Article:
Training: .NET Parallel Programming
Mastering parallel and asynchronous programming with the latest Microsoft .NET and C# 7.
Two-Day Professional Training
Instructor: Luc Bläser
Parallelization and concurrency gains increasing importance in software systems, be it for boosting performance with multi-cores or for enabling sophisticated non-blocking behavior. For this reason, the .NET framework offers a wide spectrum of features for parallel and asynchronous programming.
However, parallelization also poses new and demanding problems and challenges for the software engineers:
- Under which conditions and how may the software be accelerated by threads and thread pools?
- How can the dangers of race conditions, deadlocks, and starvation be systematically prevented?
- Which software architectures, design patterns and programming models are suited for parallelization?
- Which specific parallelization pitfalls exist with the .NET framework?
- How can the .NET Task Parallel Library be optimally employed?
- What needs to be considered with the async & await programming model?
This two-day course addresses the efficient and safe usage of parallelization and concurrency with the latest .NET Framework. Throughout the course, C# 7 is used as the language for the programming examples developed in Microsoft Visual Studio 2017. The course is accompanied by practical exercises, in which the attendees can apply and deepen their gained knowledge.
The course provides an in-depth overview and detailed discussion of the concurrency concepts in .NET with focus on their safe and efficient application in practice. This course is designed to not only cover .NET standard parallelization know-how but also goes beyond the horizon of current literature. For instance, it also confronts particular risks and pitfalls with .NET multi-threading and the .NET TPL, while demonstrating various solution approaches.
This course is targeted at professional software engineers and software architects, who want to gain an expert knowledge of the parallelization and concurrency aspects within the Microsoft .NET framework. It may also be beneficial for software project leaders and technical IT managers, who would like to get a detailed overview of the possibilities and challenges with .NET parallelization.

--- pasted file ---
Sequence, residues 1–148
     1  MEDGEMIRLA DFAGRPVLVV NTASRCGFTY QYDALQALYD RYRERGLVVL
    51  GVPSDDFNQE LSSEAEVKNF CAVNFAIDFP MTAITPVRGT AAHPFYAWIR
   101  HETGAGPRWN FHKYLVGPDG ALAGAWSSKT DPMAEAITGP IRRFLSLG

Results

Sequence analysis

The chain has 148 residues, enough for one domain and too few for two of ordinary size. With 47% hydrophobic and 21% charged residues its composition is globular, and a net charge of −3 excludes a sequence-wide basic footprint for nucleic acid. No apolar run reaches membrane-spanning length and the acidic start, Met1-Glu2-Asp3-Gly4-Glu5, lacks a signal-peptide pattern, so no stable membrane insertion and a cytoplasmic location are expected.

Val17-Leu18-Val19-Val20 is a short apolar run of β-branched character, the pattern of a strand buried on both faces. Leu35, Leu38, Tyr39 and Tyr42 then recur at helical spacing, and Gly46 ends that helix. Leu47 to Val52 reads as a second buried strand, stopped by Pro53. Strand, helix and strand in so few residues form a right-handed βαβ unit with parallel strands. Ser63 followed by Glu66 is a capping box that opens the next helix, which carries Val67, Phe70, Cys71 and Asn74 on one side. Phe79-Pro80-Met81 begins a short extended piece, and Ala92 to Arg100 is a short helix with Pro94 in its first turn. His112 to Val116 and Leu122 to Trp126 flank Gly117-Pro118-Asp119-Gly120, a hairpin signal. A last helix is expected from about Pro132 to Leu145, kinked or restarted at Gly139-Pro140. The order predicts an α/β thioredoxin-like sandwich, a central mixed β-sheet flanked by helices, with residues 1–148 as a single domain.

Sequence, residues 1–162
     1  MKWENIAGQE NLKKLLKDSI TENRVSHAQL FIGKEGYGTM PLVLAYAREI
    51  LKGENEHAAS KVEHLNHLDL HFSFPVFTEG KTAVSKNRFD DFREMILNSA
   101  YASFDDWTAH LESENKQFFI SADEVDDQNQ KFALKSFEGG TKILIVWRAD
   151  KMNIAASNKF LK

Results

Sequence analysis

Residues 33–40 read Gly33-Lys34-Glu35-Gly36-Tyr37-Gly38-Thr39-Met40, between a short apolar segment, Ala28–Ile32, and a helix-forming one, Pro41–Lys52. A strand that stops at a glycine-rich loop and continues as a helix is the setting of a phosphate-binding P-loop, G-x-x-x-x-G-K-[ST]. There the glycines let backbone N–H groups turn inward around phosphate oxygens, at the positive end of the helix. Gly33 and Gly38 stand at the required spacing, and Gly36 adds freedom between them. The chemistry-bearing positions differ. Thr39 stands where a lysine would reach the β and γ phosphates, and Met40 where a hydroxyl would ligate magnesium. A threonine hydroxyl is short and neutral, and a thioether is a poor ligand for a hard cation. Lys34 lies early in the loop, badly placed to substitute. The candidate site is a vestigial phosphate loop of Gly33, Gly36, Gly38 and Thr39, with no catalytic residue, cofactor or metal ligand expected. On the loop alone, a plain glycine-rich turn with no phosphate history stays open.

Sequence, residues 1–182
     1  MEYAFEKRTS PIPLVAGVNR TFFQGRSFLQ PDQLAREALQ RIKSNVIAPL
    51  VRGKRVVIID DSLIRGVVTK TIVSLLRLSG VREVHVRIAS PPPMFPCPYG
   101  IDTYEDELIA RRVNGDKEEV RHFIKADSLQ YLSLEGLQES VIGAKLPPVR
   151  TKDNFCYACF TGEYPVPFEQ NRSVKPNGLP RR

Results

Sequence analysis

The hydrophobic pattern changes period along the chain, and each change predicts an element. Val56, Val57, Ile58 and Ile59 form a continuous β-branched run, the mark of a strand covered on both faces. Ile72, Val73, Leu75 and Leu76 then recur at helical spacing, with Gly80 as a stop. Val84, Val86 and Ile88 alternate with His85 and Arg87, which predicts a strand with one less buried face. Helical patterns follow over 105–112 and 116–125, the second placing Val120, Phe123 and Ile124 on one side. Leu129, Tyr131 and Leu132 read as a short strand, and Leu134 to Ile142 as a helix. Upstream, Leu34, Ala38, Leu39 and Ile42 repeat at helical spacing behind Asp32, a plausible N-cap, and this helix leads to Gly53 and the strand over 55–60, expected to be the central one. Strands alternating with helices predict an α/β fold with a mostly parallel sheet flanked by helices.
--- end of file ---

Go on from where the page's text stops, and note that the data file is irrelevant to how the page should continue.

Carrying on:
List of Contents
Introduction, system support for parallelism
- Motivation: Why parallel programming?
- Levels of parallelism
- Parallel computer architectures
- Parallelism and concurrency
- Processes versus threads
- Scheduling and context switches
Threads in .NET
- Thread implementation, creation and start
- Thread exception model
- Thread join, termination and passivation
- Thread lifecycle
Critical sections and synchronization in .NET
- Access to shared resources
- Critical sections
- Synchronization with locks
- Thread safety
- Concurrent collections
Monitors in .NET
- Monitor concept and .NET implementation
- Monitor lock, wait and pulse, multi-pulse
- Typical pitfalls and best practices
- .NET monitor specifics
Specific synchronization primitives in .NET
- Count-down events
- Reader-writer locks
- Manual and auto reset events
Dangers of concurrency: races, deadlocks, starvation
- Data races and race conditions
- Concurrency of finalizers and timers
- Race condition prevention
- Deadlocks: error, detection and prevention
- Architectural deadlock prevention
- Starvation: error and preventions
- Thread priority inversion problem
- Concurrency correctness criteria
Thread pools and task parallelism with TPL in .NET
- Thread pool concept, benefits, and limitations
- .NET Task Parallel Library (TPL)
- Task implementation, start and wait, result access
- Nested tasks
- Task chaining
- Task exception model
- Work-stealing thread pool mechanism
- Task parallelism: typical pitfalls
- Visual Studio parallel diagnostic tools
Data parallelism with TPL in .NET
- Parallel invoke and parallel loops
- Loop partitioning, efficient aggregation, stop and break
- Performance tuning for data parallelism
- Parallel language-integrated querying (PLINQ)
Asynchronous programming in .NET
- C# async/await mechanism
- Look behind the scenes
- Typical pitfalls with async/await
- Best practices and recommendations
UI and multi-threading in .NET
- UI threading model
- Dispatching events on UI thread
- Non-blocking UI with async/await
- Typical UI concurrency pitfalls in .NET
.NET memory model
- Atomicity und ordering guarantees
- Atomic instructions, Interlocked class
- Memory barriers/fences
- Volatile keyword
- Fast lazy creation
- Spin locks and spin wait hints
Summary and outlook
- Lessons learned
- Future parallelization trends